On the opposite side of the road the church stands on the brink of a mill-pond formed by the river, one of those ancient round towers so common in Ireland, and which afford an inexhaustible subject for antiquarian discussion.  It is said to be eighty feet high and is capped with a wooden umbrella-like roof.  Towards the Limerick end of the town in the venerable steeple of a monastery, founded in 1490 in Bibiana, daughter of O’Dempsey, and widow of Mulroony O’Carroll, nicknamed, na feasoge, or with the beard.  This steeple serves at present for a belfry to the Roman Catholic chapel, to which it forms the entrance from the street.
The fair held at Roscrea are very ancient.  It is a well authenticated fact, that the Irish assembled at one of these fairs, on the festival of Saints Peter and Paul, in the year 942, beat Danes, who had concentrated their forces from Limerick and Galway with intent to surprise and plunder the natives.  On that occasion the people who resorted to the fair, although congregated from different parts of the country, and of course strangers to each other, did not want to be attacked in the town, but sallied out, and after a sanguinary conflict which took place near Carrick Hill, defeated the invaders, killing Olfin, the Danish chieftain, and four thousand of his men.  It is from this circumstance that the hill of Carrick became so remarkable as to be selected to give a title to the noble house of Butler.
Roscrea was famed in former times not only for the magnificence of its buildings and valour of its inhabitants, but as a seat of practical religion also.  Accordingly we find that St. Canice, who was born in 516 and died in 599, wrote a copy of the four gospels here.  It was called glass Kennic, or chain of Canice, and Archbishop Usher tells us it was preserved in this town until his time.  There was also a copy of the gospels written by Dimma, a scribe, the son of Engus, son of Carthin, which possible is in the MS, in the possession of Sir William Betham, which latter certainly was preserved at Roscrea in a most enriously wrought and ornamented box.  The reader may consult a paper by Henry Joseph M. Mason, Esq., published in the transactions of the Royal Irish Academy, and is the Irish Antiquarian researches, by Sir William Betham, and a letter from Mr. Cooke to that author published in the Dublin Philosophical Journal, for much information relative to Roscrea, as well as on the subject of the copy of the gospels just mentioned which found its way to Sir William Betham in the following manner.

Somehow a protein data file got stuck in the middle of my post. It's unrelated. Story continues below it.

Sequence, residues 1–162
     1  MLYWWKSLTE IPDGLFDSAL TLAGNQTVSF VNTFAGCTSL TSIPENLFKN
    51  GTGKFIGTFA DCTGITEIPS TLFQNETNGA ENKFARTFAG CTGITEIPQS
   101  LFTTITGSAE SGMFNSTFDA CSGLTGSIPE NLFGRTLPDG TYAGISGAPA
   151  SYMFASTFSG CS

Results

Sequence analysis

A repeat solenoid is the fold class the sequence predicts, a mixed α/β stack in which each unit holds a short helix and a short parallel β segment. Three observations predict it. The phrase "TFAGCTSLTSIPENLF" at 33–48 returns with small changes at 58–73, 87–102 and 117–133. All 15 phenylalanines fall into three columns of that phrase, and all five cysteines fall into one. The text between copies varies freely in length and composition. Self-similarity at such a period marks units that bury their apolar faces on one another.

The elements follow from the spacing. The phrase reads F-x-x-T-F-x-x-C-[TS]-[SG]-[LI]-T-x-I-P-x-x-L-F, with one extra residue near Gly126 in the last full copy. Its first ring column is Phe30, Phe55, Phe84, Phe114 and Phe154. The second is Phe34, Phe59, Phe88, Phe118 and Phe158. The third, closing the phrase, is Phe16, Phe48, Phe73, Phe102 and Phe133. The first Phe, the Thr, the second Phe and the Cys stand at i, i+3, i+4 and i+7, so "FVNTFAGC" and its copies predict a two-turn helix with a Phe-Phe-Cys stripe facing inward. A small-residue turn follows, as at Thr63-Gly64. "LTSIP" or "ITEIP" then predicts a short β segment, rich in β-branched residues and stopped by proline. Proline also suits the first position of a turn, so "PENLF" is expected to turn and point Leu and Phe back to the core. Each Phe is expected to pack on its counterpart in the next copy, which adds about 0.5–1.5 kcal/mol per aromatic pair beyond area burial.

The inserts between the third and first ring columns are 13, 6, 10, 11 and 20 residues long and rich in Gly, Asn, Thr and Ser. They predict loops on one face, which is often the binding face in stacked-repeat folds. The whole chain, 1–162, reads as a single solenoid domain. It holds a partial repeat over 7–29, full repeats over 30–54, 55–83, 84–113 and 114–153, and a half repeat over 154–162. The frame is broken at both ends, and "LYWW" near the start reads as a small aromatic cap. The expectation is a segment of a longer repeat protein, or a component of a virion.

The late Rev. Philip Meagher, formerly parish priest of Birr, found it amongst the books of an uncle who had been a clergyman in Roscrea, and handed it to a Dr. Harrison of Nenagh, (since dead) who sold it to MR Mason, librarian to the Kings Inns’ Society, and he parted with it to Sir William Betham.  Since being the history of the MS., it is strange how Sir William could have supposed this relic o have been found by boys seeking birds’ nests in the Devil’s Bit Mountain, as he asserts it was, in the Irish Antiquarian Researches.
The ground about Roscrea is exceedingly fertile and the town is still the grand emporium of trade to all surrounding towns and districts.